Eileen Bird Kngwarreye (pronounced Ung-wahr-ay) is an Eastern Arrernte woman, and her country is Arnumarra, near Gem Tree northeast of Alice Springs in Central Australia.
Her family grew up at Harts Range where her brothers and sisters continue to live. Eileen grew up on her country at Harts Range but moved to southern Utopia to marry her husband, the late Paddy Bird. Together, they had eleven children (Maggie, Tanya and Alvira Bird among them). Paddy's mother was a renowned artist named Ada Bird Petyarre, sister to the famous Gloria and Kathleen Petyarre.
Her artworks mainly depict either the ʻArlatyeyʼ story or Women's ceremony. ʻArlatyeyʼ is the Anmatyerre word for Pencil Yam. Many female artists often paint dreamings associated with bush foods, as they are vital to Aboriginal traditional life. Through painting, they pay homage and celebration of the continued growth of these plants to flourish from season to season.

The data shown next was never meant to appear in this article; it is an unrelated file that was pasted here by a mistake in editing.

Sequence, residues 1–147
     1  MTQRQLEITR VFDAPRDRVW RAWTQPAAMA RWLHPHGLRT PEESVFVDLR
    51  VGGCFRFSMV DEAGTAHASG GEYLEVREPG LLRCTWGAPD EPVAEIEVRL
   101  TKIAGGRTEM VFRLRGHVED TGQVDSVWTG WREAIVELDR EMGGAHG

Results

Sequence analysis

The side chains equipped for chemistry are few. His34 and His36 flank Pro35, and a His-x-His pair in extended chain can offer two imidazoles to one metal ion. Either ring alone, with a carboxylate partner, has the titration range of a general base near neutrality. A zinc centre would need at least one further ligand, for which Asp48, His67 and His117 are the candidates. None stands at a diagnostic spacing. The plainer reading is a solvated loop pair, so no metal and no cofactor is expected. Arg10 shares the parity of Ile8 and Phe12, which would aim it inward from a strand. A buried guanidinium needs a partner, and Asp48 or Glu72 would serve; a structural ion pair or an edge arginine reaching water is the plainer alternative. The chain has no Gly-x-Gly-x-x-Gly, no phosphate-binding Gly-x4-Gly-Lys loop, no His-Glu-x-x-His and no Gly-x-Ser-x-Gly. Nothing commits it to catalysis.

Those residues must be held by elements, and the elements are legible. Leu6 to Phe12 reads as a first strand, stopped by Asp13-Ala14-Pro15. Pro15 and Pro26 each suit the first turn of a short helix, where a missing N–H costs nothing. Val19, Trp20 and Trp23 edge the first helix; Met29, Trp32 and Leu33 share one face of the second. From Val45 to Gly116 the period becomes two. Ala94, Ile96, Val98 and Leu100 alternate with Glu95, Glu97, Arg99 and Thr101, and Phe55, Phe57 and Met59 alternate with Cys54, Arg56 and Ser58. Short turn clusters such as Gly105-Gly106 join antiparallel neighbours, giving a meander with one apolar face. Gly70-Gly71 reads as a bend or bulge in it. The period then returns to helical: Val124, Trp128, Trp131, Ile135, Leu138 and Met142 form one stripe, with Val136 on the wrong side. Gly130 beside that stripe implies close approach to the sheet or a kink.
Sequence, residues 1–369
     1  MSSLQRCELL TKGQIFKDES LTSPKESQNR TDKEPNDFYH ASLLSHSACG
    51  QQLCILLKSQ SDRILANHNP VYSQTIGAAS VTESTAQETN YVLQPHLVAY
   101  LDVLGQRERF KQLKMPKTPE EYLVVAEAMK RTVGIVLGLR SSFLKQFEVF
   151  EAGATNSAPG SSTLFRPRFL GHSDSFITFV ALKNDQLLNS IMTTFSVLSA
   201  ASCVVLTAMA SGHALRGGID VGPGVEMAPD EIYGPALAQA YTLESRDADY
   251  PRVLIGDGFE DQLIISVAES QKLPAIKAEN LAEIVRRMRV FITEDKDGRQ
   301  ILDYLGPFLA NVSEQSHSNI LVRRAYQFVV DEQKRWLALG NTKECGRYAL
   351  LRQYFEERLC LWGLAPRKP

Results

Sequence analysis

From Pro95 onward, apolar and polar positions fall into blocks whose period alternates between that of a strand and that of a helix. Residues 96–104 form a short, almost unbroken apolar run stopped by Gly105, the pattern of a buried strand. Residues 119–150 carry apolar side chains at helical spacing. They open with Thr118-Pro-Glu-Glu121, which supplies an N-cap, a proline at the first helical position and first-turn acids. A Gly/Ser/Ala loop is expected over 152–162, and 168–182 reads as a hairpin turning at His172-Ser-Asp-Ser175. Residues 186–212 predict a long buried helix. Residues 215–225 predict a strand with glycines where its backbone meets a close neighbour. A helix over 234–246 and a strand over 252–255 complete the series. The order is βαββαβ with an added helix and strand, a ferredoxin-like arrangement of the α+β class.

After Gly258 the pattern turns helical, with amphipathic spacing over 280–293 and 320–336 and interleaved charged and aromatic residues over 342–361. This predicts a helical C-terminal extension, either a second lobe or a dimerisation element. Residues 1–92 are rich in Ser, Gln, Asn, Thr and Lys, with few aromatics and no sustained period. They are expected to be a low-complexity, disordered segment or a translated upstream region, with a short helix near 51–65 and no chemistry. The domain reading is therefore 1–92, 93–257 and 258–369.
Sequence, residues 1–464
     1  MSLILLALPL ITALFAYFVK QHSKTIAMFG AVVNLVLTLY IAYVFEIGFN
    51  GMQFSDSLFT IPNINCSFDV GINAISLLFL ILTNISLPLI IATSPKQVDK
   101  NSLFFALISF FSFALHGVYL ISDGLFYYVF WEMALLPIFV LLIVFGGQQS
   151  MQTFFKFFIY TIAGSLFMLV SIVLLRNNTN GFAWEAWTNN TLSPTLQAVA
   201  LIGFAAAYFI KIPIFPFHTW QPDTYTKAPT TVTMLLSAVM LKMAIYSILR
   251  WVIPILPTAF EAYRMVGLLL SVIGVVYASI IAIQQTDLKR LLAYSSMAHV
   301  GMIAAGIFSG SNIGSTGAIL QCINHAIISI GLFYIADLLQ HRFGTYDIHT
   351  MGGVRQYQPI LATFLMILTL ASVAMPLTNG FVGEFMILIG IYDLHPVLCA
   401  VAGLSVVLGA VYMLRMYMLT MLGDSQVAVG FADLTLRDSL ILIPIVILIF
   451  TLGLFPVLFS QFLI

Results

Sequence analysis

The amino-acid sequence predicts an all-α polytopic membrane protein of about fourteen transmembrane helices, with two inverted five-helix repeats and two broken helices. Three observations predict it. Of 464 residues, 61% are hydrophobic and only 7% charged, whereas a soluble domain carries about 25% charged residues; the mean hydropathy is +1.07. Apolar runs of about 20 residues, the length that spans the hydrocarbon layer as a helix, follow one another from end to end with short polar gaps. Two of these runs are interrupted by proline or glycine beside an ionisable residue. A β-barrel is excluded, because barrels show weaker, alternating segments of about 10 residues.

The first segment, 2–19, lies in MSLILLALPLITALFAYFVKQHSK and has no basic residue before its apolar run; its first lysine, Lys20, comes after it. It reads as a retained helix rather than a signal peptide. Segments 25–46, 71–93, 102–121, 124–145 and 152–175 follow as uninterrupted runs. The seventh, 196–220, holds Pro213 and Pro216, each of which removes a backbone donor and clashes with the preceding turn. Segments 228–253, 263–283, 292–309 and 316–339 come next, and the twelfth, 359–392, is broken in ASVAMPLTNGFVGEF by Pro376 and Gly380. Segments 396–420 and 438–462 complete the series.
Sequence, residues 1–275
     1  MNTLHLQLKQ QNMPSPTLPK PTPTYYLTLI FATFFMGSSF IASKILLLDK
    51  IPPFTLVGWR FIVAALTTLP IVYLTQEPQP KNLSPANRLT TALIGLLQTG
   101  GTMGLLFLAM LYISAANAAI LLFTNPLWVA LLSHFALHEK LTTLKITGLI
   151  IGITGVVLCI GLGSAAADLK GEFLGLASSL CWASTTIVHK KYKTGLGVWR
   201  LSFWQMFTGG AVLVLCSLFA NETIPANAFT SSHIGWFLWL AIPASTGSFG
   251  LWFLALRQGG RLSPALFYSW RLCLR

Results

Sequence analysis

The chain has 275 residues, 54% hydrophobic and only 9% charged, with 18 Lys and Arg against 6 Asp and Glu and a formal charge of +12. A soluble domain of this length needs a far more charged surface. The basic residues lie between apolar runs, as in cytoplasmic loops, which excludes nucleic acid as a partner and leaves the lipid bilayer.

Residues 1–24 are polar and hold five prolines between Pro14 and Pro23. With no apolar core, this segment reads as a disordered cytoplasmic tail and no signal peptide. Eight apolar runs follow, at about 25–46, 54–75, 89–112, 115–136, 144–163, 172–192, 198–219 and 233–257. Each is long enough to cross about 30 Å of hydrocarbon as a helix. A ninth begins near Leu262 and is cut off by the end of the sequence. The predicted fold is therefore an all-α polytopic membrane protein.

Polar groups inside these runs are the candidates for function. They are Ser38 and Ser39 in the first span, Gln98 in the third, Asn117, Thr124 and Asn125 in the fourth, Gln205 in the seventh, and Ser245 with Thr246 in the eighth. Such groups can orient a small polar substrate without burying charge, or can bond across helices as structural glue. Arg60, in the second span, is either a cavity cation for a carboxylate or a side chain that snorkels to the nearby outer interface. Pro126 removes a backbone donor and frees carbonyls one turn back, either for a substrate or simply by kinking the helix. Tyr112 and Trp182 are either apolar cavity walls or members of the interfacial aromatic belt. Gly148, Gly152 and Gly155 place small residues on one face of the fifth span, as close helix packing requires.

In the Dreamtime there are two parts to the Pencil Yam Story which belong to two different countries. Two different seeds were borne that created two different species of pencil yam; one called Atnwelarr which belongs to Alhalkere and Atnangkere countries, and the other called Arlatyeye which belongs to Eileen’s country. Eileen uses dotwork in her paintings to portray the seeds (kame) of Arlatyeye. The Arlatyeye itself is a small, long tubular yam (swollen root) belonging to a trailing herb or creeper that often covers large areas of ground with bright green leaves and yellow flowers.
Eileen has been painting professionally since the mid 1990’s and her beautiful colourful works have a strong following.